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intractable problem, afghanistan. on wednesday, the u.s. president barack obama laid out a schedule for pulling tens of thousands of u.s. troops out of the country. >> starting next month, we will be able to remove 10,000 of our troops from afghanistan by the end of this year. and we will bring home a total of 33,000 troops by next summer. >> cnn money has tallied the cost of the afghanistan conflict and how much the u.s. might save by pulling those troops out. take a look at this chart over here. as you can see clearly through this red line, just how costs have skyrocketed after the u.s. deployed tens of thousands of more troops in 2009. this is 9/11, it began here but after 2009 that's where you see the real surge. to date, the u.s. has spent if you add all that up, 443 billion fighting the war. this is afghanistan alone.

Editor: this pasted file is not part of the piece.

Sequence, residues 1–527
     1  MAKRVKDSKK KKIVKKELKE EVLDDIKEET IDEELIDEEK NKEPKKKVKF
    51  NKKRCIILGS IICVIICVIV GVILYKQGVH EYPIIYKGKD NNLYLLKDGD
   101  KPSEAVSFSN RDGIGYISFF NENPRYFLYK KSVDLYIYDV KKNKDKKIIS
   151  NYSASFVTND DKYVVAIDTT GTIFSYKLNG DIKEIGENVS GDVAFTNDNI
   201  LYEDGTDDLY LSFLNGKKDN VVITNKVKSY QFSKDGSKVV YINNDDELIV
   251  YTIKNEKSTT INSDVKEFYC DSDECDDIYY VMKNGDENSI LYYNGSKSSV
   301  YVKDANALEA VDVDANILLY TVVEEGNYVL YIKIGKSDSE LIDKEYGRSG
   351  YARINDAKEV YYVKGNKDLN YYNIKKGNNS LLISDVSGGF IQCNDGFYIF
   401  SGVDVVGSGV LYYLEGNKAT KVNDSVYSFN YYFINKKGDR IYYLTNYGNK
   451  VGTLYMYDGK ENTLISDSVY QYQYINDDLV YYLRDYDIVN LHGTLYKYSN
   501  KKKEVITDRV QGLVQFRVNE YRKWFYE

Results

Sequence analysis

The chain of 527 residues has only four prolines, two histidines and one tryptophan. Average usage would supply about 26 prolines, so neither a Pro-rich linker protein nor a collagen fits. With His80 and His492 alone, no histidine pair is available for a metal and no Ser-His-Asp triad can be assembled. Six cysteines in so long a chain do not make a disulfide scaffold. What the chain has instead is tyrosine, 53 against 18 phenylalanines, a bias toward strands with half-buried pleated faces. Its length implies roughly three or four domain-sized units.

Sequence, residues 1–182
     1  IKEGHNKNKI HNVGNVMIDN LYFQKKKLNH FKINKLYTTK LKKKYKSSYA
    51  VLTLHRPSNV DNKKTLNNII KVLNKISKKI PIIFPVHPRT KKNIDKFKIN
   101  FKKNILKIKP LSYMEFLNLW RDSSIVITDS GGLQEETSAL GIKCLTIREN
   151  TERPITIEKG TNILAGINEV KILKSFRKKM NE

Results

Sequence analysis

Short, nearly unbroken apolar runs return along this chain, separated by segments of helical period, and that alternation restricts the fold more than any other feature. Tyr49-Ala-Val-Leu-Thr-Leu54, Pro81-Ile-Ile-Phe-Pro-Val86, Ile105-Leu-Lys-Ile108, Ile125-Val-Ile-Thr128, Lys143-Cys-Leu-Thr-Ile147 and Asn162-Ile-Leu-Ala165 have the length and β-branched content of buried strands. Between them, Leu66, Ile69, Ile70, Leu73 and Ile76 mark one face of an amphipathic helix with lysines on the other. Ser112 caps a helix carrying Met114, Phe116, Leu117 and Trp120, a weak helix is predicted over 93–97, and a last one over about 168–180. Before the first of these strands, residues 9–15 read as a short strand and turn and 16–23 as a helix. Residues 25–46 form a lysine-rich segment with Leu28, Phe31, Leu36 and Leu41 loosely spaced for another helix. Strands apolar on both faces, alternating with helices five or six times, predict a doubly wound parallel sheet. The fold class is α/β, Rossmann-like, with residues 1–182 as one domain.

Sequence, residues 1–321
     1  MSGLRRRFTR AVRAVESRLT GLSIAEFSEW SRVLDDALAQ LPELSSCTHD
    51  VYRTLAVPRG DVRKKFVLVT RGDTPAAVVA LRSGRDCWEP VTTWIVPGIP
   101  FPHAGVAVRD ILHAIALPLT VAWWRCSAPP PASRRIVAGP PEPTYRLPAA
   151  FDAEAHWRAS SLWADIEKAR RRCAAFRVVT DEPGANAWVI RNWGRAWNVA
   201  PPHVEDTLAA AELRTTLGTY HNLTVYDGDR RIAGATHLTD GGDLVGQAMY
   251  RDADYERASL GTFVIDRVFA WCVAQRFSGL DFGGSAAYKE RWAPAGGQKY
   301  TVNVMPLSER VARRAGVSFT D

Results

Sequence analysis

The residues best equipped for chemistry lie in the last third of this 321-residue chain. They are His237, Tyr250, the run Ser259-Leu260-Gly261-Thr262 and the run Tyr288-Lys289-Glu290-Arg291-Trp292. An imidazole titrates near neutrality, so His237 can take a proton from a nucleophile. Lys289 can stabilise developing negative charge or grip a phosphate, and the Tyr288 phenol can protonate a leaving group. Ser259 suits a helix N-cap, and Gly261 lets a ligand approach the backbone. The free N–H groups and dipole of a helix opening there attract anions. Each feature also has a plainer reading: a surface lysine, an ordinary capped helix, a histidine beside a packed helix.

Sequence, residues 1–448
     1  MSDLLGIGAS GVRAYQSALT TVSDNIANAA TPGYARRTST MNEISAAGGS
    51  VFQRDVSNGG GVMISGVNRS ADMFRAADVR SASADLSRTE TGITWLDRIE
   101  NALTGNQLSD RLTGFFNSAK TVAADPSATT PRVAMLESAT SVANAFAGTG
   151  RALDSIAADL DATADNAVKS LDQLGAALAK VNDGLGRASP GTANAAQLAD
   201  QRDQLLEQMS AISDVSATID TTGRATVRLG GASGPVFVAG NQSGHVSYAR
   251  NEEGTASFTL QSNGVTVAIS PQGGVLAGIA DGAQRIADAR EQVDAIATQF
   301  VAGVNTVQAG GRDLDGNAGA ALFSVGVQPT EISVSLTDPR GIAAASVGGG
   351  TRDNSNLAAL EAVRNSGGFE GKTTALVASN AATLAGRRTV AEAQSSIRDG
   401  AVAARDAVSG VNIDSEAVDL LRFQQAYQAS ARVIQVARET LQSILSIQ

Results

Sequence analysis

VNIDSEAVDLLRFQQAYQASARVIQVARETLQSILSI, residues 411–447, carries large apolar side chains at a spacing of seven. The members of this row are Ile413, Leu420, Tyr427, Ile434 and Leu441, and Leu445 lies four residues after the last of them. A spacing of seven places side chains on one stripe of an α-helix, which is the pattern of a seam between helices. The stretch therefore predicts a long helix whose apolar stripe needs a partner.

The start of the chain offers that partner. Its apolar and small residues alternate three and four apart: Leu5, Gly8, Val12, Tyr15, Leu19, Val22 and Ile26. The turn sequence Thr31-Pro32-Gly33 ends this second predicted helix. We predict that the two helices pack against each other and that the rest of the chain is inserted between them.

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the tab this year is estimated to be around 118 billion. one expert says withdrawing the troops will save only about 7 billion during the next year because of the sheer cost of bringing the soldiers back home. he does say there could be considerable savings beginning the year after that. at the moment, nina, the u.s. needs all the savings it can find. >> certainly does. and it's quite worrying, isn't it? it's the world's biggest economy. coming up next on "world business today," reading your financial future. we'll be telling you what some people are looking at to see what's in the cards for the economy. stay with us. could save a bundlh geico's multi-policy discount. geico, saving people money on more than just car iance. ♪ geic